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Irreversible Movie Review

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"Irreversible" is an intriguing drama from director Gaspar Noe, that at times shocks and at other times engages. Then again, the chaotic direction may just leave you bored to tears.

The French movie stars Monica Bellucci (now becoming well known after her major roles in "Tears of the Sun" and "The Matrix" movies) as Alex and Vincent Cassel ("Brotherhood of the Wolf" and "Elizabeth") as Marcus, who are lovers who have the worst of days. The movie begins at the end, a la "Memento," and works its way back to the beginning of the day and the story. From the first few scenes it is very evident that something incredibly disturbing has happened. As Noe works his way back through the story, it becomes clear that Alex has been or is going to be raped. Noe holds very little back, and this is why "Irreversible" is considered one of the most, if not the most controversial films of the year.

The beginning of the movie (the end of the story) exemplifies all of the flaws of the movie. The first five or ten minutes are absolutely terrible. The movie makes little sense, there is very little focus or dialogue, and Noe swings his camera around wildly as if he's a drunk baboon. Literally, he must have looked like a fool swinging what I presume is some kind of handheld camera around in circles; I did not understand the direction and did not appreciate it much at all. Some of the transitions are good, but for the most part if Noe would have settled down and kept the camera's aim on the characters, things would have been much better.

Anyway, "Irreversible" starts off in a gay masochist club called The Rectum, as Marcus is searching for the man that raped his girlfriend. The scene is very chaotic as he runs around screaming at a bunch of screwed up people. At this point I was already thinking whether it was worth my time to watch this piece of trash (or even if I could), but then the movie takes a turn for the better. Not to sound morbid, but the hideously graphic murder scene, where a man is killed with repeated blows to the head with a fire extinguisher, sucked me right in. I was engaged at this point.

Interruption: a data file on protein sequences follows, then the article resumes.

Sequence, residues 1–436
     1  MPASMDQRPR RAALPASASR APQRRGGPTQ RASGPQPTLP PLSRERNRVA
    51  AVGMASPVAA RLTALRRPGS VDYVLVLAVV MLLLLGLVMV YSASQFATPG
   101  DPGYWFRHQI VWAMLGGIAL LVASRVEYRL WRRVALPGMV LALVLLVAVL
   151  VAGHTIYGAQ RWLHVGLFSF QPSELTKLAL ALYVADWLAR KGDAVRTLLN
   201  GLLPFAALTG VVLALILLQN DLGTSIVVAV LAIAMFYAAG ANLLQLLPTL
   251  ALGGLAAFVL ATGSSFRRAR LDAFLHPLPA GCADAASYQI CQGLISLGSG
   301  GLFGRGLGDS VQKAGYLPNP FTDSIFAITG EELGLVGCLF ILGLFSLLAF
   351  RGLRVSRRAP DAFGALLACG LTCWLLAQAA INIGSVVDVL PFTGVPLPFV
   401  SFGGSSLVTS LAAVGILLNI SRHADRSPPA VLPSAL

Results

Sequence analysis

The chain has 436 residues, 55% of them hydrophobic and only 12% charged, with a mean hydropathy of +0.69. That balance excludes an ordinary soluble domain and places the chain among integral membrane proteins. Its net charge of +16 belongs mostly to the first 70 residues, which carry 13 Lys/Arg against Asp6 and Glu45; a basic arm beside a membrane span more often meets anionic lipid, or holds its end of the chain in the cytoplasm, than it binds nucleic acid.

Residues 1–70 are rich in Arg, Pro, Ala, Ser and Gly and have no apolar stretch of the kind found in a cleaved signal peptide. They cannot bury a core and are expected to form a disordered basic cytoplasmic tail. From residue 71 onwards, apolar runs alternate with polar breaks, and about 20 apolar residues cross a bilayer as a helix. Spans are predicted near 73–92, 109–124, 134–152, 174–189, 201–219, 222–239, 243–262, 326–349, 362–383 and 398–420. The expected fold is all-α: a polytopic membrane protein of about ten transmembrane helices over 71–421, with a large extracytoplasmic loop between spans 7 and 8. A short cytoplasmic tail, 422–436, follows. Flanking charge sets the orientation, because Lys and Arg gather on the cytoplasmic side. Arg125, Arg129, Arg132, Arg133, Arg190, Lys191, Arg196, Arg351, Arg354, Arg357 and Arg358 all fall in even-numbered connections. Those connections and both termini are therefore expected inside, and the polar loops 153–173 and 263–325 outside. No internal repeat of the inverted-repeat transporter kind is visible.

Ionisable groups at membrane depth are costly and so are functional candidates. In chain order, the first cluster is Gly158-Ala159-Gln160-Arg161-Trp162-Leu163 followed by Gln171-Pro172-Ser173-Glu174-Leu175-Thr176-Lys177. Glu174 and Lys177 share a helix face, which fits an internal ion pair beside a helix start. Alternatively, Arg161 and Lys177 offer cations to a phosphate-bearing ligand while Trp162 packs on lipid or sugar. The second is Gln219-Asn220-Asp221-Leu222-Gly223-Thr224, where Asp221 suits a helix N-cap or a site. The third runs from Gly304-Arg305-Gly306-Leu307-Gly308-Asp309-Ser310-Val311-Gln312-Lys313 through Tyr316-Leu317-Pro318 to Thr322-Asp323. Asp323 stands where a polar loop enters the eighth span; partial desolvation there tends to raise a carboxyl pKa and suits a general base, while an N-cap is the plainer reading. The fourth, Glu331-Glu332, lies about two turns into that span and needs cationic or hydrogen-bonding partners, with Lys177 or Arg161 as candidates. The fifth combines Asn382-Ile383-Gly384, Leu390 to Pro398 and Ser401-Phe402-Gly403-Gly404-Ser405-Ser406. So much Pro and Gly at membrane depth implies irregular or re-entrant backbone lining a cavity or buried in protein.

The movie proceeds to the time when Alex is raped by a man in a tunnel; I don't know how long the scene was, but it had to be about ten minutes long. Again, it's disturbing, but it's well done.

Now here is where the movie runs into more problems. Remember how I said that all of the film's flaws were exemplified in the opening scene? Well, the problem with "Irreversible" is that the climax takes place in the beginning. The rape takes place in the middle. That means that "nothing" happens at the end of the film.

"Irreversible" kept my attention from that first murder scene to the last minute, and the last half of the film, which focuses on the characters of Alex, Marcus and their friend Pierre, are well done with strong dialogue and character development, but the movie begins to lose its touch at the end. After such a powerful first half, the second half, especially the last ten minutes or so, seem a little muted.

"Irreversible" is a well done movie with lots of strong points, but not without flaws. It is definitely made for a limited audience, but those who don't mind graphic violence will find art out of Gaspar Noe's latest film.

Review by Erik Samdahl unless otherwise indicated.

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